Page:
depth as we live it, part 1

As a psychoanalyst, I often think of my clinical work in terms of depth. How do the moments in a session gain momentum, and go deeper? How does the work shift from the pleasantries of greeting and recounting the events of the day or week to concerns that touch something more central to a person’s life? “Going deeper” is often taken to mean going to the essence, the cause or to the most foundational sources of our concerns. We look for what’s hidden; for something more profound that can’t be seen; for meanings and intentions that underlie what we profess to be true. We try to discern the latent in the manifest, employ a “hermeneutics of suspicion,” to quote Paul Ricoeur. But such a focus can lead us away from what’s maybe right in front of us in the moment. Rather than finding depth in a ‘vertical’ descent of layers, I think we can feel deeply into experience as we live it without looking for what’s hidden. What follows is a series of depth musings that come from the lifeworld rather than from psychoanalytic theory. I hope that these musings will stimulate different ways of seeing that might open up experience. My personal interest is in developing a way of working and imagining the practice of psychoanalysis that takes into account the nature of our experiencing. But I also hope that these musings might stand on their own as invitations to explore…

At times, an encounter with depth can feel like a mysterious process. As a young guy, both curious and bold, I felt this mystery in hypnosis. Having read a book on the subject, I had the audacity to profess to friends and acquaintances that I was indeed a hypnotist. “No. You’re kidding,” was often the response. “Wanna try?” Invariably a number of people jumped at the chance, a circle would gather, and I’d go through a standard “induction” technique. “You’re feeling sleepy and your eyelids are getting heavy. You are asleep and descending an escalator. It goes down deeper and deeper. The more deeply asleep, the more clear you will hear my voice…” It felt improbable, but my “subjects” did indeed enter a hypnotic trance, would make stump speeches, dance the watusi, and once awakened, would remember nothing until I uttered a post-hypnotic phrase. At the time, I thought the process required a lengthy induction, that the key was to speak in a relaxing sleep-inducing voice (the same voice I ‘used’ as a novice therapist trying to sooth my patients rather than work with them), slowly easing them into a different state. I later learned that lengthy inductions weren’t necessary. With many people, once my hypnotic ‘credentials’ were established (by reputation or by seeing my handicraft), I could induce a trance by telling them that their eyes were closing as I gently tapped them several times on the forehead. What was going on here? Hypnotic depth wasn’t something so very far away, it was right there on the surface all along, something ready and available when the conditions were right. Is depth ‘in’ the trance state, or is it something about the ‘between’ of one state and another? And whose state is this anyway? Although we most readily think of the hypnotic subject as the one in a trance state or in a state of wakefulness, perhaps the trance and wakefulness is something shared, a state of being, where shifts are between states shared by the participants involved…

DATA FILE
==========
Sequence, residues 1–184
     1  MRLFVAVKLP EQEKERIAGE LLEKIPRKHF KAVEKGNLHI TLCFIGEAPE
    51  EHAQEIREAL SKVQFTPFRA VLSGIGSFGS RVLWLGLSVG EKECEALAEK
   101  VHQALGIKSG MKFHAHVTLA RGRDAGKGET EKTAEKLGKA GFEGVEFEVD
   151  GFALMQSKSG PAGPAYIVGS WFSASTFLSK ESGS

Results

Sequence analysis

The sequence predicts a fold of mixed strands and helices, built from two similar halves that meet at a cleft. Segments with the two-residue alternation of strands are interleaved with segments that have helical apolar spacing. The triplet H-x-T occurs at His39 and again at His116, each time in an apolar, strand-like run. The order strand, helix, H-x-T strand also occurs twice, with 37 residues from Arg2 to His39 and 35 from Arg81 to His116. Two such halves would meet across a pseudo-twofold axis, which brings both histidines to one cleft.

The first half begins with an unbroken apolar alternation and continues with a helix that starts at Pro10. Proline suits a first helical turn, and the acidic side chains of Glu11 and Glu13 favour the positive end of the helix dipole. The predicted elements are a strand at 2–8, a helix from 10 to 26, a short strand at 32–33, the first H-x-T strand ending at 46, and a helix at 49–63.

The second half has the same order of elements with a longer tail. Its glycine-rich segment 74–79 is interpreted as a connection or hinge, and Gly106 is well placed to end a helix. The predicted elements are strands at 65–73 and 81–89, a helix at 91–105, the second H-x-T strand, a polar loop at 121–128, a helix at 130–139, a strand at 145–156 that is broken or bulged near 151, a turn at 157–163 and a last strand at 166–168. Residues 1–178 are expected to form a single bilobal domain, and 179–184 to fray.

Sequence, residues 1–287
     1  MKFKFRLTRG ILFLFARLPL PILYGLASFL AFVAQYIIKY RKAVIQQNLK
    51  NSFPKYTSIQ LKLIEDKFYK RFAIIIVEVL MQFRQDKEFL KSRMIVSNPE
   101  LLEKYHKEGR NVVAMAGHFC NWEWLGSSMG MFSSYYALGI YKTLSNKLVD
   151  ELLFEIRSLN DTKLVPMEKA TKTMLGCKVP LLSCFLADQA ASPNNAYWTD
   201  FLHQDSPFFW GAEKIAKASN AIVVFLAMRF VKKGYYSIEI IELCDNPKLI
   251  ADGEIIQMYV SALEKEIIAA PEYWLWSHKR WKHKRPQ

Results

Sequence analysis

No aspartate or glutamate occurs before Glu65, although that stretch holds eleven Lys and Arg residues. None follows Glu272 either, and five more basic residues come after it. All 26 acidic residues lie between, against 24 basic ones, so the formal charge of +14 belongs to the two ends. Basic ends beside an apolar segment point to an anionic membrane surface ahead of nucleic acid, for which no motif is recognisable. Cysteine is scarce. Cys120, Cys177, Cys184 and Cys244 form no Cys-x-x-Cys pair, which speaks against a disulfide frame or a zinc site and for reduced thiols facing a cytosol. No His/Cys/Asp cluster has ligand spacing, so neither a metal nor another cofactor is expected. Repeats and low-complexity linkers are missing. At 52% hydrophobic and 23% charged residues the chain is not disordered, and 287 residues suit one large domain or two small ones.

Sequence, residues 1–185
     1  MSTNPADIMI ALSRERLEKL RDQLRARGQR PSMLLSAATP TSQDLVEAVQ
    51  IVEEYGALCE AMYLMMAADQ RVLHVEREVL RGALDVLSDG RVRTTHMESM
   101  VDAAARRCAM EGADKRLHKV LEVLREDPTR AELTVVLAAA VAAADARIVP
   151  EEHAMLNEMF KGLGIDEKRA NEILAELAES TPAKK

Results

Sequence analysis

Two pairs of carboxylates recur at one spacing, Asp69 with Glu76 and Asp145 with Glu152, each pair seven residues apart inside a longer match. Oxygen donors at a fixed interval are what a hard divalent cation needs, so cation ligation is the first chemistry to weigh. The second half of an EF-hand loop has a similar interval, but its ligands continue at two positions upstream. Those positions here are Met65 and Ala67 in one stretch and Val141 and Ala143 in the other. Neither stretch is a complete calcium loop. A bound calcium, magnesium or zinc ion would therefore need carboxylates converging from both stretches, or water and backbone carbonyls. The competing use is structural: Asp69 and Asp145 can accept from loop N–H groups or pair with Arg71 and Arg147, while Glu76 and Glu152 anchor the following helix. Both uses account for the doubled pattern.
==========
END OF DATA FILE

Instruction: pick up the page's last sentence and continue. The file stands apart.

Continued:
I love visual illusions, and I came to think about my experiences with hypnosis in relation to visual phenomena that I came across as I studied Gestalt Psychology. Take a typical unstable illusion like the Necker Cube and it’s variations:

Necker Cube variations

By simply looking at the cube, it’s dimensionality is immediately apparent. Rather than seeing the two dimensional organization of lines, we see a transparent cube with six surfaces, one side standing out with another receding in the background. But if we keep looking, the figure suddenly reverses! The side in the background pops forward, the side that was previously forward instantaneously slides back. How does this happen? Another cube variation repeated several times above the main cube looks like a pinwheel. Rather than seen initially as an unstable figure, this one is quite stable. But if you look at it with a cube-induced attitude or stance (trance?), the pinwheel organization of lines suddenly shifts into a cube, where one corner of the cube (formed by the intersection of lines) suddenly bursts toward you from its connected sides. And the instability takes hold! It flips back and forth, much like the other cube figures. These shifts in perception reminded me of the shift from trance to wakefulness. Seeing differently, experiencing differently, didn’t involve delving under everyday experience toward some unknown core. It seemed to involve a transformation that relied on change of context or field. A pinwheel design of three intersecting lines, suddenly explodes into dimensionality in the cube-induced context of the Necker diagram above. Trance states, whether hypnotic, spiritual, sports-induced, or (a favorite) getting lost in a book, shift in and out in relation to the situation/context/field engaged…

The nature of perception (think of perceiving as not simply visual, but as a the combination of all the senses, the totality of our embodied awareness) entails experiencing things from a certain point of view. The shifts that we experience when looking at these cubes are shifts of perspective, shifts of stance that take place in a “between.” I intend to elaborate on what this between might mean. This is something discussed in phenomenological philosophy, in particular in Maurice Merleau-Ponty’s writing, as écart. So, how does this relate to depth? Hang on for the ride. In future posts, I’ll look at the basic and most immediate ways we experience depth, something that will flesh out these initial musings…

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